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The Most Important Google Analytics Metric You Can’t Afford to Ignore

Oct 24, 2023

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One of the most untapped valuable resources you have on your website is your analytics. The data collected through analytics can be eye-opening in how your website is performing and guide you to how you can make it even better.

That’s why Google Analytics is something I install and setup on every single one of my custom websites and is something I highly recommend you add to your own website if you haven’t already.

FYI, in case you didn’t know, Google Analytics is free and it takes just a couple of minutes to set it up. All you need is a Gmail account or Google-hosted email account and access to your website editor and you can set up your analytics in no time flat. Install it now, seriously.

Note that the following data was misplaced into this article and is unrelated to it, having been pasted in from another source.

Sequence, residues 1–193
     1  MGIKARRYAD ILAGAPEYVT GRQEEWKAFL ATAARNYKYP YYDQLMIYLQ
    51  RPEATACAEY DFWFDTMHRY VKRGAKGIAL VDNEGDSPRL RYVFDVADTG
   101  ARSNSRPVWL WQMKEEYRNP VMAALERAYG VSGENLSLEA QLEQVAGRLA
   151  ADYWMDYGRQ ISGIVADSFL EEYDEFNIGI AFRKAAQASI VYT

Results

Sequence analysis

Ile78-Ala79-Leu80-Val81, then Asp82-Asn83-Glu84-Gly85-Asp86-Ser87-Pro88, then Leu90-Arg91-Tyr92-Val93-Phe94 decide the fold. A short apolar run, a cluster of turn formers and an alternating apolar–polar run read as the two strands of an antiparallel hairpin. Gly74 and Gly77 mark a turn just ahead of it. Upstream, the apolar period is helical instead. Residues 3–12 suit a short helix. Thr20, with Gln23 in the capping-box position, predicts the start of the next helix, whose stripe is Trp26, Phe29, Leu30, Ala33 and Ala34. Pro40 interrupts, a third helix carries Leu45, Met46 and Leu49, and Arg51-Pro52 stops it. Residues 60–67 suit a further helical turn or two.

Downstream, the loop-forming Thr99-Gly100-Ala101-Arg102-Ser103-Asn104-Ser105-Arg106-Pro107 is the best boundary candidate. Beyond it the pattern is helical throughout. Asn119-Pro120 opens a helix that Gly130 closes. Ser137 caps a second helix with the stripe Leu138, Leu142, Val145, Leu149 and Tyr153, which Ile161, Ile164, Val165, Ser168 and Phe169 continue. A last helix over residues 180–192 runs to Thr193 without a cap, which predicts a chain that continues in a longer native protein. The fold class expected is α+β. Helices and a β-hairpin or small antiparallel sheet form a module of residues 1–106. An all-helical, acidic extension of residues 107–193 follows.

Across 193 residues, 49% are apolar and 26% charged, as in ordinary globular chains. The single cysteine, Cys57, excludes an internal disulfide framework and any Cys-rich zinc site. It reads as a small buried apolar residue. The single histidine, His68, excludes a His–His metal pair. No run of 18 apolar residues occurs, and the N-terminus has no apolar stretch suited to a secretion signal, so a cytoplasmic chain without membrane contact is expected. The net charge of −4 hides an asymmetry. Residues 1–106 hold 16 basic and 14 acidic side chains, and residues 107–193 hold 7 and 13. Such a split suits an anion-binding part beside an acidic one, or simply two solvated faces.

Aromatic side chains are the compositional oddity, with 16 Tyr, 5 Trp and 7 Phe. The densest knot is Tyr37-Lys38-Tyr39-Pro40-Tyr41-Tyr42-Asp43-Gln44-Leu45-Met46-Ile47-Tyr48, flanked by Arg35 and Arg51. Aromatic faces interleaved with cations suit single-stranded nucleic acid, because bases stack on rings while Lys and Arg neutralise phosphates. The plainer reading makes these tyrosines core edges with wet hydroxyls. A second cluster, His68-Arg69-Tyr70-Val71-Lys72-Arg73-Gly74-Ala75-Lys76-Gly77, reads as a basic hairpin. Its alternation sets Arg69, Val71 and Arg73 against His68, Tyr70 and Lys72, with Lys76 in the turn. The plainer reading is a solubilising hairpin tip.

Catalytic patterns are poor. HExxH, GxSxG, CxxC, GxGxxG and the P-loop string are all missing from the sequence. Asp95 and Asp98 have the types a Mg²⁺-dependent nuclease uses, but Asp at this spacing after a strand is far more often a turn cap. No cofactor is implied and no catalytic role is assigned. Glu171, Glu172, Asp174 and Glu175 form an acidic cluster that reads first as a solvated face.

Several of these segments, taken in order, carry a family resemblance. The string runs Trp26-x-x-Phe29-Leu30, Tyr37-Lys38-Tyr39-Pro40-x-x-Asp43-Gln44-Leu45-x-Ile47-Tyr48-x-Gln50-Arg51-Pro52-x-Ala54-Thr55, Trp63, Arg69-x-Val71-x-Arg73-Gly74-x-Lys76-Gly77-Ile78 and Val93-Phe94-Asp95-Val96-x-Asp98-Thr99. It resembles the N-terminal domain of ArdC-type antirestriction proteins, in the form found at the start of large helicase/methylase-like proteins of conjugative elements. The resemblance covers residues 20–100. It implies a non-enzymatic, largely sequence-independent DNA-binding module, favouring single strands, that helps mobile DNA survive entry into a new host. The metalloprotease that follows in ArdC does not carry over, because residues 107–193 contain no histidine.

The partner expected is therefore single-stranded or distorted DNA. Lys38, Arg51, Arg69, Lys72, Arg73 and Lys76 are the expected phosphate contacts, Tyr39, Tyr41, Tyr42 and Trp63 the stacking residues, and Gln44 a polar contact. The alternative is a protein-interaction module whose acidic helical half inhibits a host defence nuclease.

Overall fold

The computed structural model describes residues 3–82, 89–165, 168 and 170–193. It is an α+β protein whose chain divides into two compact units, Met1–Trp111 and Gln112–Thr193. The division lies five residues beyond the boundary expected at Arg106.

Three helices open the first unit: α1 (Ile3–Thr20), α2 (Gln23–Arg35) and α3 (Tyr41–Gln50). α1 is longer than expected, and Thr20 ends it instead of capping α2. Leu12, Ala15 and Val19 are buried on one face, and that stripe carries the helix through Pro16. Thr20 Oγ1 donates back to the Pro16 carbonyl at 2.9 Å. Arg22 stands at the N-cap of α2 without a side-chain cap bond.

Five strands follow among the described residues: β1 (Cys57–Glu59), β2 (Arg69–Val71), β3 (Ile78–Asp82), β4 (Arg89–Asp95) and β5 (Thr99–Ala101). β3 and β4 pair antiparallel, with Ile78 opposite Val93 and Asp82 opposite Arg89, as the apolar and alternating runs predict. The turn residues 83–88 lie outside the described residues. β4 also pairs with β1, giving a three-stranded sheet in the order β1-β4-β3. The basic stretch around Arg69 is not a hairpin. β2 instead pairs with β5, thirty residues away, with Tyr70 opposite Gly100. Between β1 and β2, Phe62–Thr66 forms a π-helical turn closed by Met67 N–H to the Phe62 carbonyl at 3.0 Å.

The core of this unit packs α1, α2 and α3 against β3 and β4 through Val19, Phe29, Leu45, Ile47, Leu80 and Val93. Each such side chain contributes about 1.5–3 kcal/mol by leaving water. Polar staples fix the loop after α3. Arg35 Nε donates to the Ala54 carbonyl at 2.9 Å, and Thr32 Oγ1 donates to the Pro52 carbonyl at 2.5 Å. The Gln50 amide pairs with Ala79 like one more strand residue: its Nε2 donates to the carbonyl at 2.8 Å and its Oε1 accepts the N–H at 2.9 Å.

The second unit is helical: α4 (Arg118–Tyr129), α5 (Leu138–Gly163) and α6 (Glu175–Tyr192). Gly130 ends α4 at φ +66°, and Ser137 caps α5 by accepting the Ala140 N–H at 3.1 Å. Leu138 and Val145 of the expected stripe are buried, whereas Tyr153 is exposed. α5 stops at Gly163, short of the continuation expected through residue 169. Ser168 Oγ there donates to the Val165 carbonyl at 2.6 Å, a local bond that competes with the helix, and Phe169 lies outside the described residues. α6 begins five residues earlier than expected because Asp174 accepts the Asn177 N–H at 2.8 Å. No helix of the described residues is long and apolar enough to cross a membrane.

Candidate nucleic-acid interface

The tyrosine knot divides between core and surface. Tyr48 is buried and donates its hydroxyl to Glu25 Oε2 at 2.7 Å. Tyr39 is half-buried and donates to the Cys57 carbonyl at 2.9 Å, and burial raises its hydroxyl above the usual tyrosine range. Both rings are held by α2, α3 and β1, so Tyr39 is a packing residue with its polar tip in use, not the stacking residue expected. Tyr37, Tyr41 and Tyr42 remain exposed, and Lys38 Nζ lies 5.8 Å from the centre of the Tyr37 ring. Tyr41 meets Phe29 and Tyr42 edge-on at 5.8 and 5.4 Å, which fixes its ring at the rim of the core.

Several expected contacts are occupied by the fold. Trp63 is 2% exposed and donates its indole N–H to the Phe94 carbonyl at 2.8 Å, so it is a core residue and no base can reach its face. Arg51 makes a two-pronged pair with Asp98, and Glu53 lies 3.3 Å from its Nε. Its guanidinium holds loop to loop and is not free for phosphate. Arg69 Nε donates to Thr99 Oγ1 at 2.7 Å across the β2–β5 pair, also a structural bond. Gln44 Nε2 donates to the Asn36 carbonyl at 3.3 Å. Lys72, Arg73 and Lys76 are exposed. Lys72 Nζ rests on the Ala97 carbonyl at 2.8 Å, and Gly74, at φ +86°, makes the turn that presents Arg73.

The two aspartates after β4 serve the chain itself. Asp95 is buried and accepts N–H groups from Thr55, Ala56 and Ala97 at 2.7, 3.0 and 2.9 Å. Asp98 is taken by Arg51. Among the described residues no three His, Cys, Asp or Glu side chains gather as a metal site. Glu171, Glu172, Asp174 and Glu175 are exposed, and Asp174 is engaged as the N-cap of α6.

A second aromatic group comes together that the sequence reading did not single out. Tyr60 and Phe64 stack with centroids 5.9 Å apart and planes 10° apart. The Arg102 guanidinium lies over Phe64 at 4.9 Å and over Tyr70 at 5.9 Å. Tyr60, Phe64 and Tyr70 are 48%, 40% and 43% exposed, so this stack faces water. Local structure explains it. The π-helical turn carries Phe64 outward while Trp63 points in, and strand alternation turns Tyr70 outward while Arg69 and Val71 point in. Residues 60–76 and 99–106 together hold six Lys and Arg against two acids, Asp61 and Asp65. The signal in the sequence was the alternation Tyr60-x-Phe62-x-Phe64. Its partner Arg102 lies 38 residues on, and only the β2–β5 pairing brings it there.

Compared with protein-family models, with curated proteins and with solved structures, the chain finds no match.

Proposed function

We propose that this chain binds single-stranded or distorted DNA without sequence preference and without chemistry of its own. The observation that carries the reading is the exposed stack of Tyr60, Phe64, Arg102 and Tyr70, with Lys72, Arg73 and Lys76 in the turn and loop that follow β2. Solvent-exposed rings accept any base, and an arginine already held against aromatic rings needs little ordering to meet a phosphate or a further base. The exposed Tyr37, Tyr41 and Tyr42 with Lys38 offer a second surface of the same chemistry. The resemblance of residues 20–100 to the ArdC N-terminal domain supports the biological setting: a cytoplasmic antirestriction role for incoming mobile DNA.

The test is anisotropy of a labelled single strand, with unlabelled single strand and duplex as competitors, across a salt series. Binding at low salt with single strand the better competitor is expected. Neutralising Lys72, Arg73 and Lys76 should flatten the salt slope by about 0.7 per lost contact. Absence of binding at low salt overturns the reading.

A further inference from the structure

The Must-Know Google Analytic Metric

Google Analytics can provide you with a ton of juicy insights, like where your traffic is coming from and how well your website is actually performing, but getting the most out of your analytics means you have to know where to look.

No one likes being bogged down by vanity metrics that really don’t matter either which is why I want to talk about the one metric that matters most when it comes to your website.

Related Post: The Bullet-proof Website Strategy: Convert Your Visitors into Customers

Conversion Rate: The True Measure of Website Success

Your Conversion Rate… It’s the ultimate scorecard for how good your website is at turning visitors into happy customers or paying clients.